Extinction Rebellion to protest against Silvertown Tunnel at O2 Arena
PUBLISHED: 17:00 18 February 2020
Extinction Rebellion members have pledged to “wail” as they mourn Londoners who have died from air pollution, in the latest protest action against the planned Silvertown Tunnel.
The climate change activism group, which garnered world-wide media coverage last year following a series of high-profile protests across London, has published plans for its latest protest against the controversial tunnel development.
"Twenty-six people die every day in London as a result of air pollution. London has declared a climate emergency," the group stated on a social media page advertising the protest.
"Yet the mayor has approved a multi-billion pound new road tunnel to bring thousands of HGVs (heavy goods vehicles) under the river between Greenwich and Silvertown. We will meet to grieve the loss of the 26. We will sing a song of protest and wail as we mourn the dead."
The group has appealed for residents to "come and hold the space", sing a protest song, and hand out leaflets as part of a series of actions planned at Greenwich's O2 Arena for Friday.
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"We need you to come and hold the space with us on 21st February, sing the song, and maybe even get involved in the performance or help with any other aspect of the project from handing out leaflets…to giving a talk on the impact of this tunnel," Extinction Rebellion said.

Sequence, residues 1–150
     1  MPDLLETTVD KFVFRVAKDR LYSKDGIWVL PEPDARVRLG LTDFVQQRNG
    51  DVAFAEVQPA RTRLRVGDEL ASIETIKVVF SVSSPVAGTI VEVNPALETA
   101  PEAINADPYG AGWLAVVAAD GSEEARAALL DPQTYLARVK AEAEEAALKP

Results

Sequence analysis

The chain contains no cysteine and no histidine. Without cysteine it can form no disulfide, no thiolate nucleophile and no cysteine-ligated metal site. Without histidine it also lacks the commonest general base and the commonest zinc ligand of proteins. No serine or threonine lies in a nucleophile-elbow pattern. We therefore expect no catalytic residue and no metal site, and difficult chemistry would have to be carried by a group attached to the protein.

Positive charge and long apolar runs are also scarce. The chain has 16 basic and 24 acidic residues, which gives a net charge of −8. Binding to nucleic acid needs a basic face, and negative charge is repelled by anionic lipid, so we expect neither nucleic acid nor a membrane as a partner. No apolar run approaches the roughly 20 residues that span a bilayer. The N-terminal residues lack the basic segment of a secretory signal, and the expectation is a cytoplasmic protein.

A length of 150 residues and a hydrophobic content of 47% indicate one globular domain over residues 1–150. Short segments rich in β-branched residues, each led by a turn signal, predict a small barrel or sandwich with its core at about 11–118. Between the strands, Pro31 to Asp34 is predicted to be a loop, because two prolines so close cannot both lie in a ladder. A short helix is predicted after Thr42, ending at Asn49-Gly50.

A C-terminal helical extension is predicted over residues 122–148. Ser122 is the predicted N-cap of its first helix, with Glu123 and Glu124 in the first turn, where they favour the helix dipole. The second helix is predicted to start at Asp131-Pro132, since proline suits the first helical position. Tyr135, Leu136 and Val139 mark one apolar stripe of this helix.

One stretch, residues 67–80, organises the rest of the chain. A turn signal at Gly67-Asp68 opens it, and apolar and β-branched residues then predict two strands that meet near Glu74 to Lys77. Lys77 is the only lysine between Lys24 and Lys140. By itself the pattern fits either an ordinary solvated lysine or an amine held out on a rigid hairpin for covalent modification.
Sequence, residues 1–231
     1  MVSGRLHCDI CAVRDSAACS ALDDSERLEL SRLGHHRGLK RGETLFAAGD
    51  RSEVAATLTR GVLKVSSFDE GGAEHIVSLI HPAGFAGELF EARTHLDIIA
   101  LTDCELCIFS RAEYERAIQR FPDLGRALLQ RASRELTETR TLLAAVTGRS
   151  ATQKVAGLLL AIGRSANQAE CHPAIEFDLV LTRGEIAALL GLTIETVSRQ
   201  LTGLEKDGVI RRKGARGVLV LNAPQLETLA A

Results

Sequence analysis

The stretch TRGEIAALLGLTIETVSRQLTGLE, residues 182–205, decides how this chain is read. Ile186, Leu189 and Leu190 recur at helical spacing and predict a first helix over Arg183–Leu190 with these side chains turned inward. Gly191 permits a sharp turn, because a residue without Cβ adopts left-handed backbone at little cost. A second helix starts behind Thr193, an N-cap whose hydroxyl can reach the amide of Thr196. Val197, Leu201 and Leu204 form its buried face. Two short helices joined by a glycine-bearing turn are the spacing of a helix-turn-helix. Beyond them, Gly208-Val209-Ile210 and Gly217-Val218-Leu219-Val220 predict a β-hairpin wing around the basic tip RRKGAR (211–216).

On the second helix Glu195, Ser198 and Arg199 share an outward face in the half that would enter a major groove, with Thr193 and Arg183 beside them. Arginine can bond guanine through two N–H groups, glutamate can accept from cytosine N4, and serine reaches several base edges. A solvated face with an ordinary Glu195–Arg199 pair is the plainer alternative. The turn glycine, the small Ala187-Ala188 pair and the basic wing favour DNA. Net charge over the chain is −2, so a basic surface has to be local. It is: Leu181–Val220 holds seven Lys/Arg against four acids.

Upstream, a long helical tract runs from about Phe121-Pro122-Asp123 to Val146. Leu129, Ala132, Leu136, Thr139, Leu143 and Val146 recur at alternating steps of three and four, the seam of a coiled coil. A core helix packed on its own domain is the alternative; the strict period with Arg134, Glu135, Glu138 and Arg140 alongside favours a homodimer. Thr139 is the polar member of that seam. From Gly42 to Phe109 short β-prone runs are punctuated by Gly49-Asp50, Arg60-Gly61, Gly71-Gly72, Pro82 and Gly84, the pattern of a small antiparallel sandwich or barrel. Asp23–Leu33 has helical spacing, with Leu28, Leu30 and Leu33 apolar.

Pop rock band The 1975 are scheduled to play at the stadium that night, with gates to open at 6.30pm.
Friday's action would not be the first time the group has staged a high-profile protest against the plans.
Extenction Rebellion members blocked a slip road off the Blackwall Tunnel in August last year, while last year also saw the group stage a "die-in" at London's City Hall.
Transport for London announced in November the award of the contract to Riverlinx Consortium to design, build, finance and maintain the £1bn tunnel connecting Royal Docks and Greenwich.
Advocates say the project will provide important new routes across the Thames for east London and cut down on traffic jams elsewhere.
However, sceptics have attacked the project for being "outdated" and fear it could have harmful health impacts for residents exposed to air pollution resulting from vehicle congestion around the tunnel.
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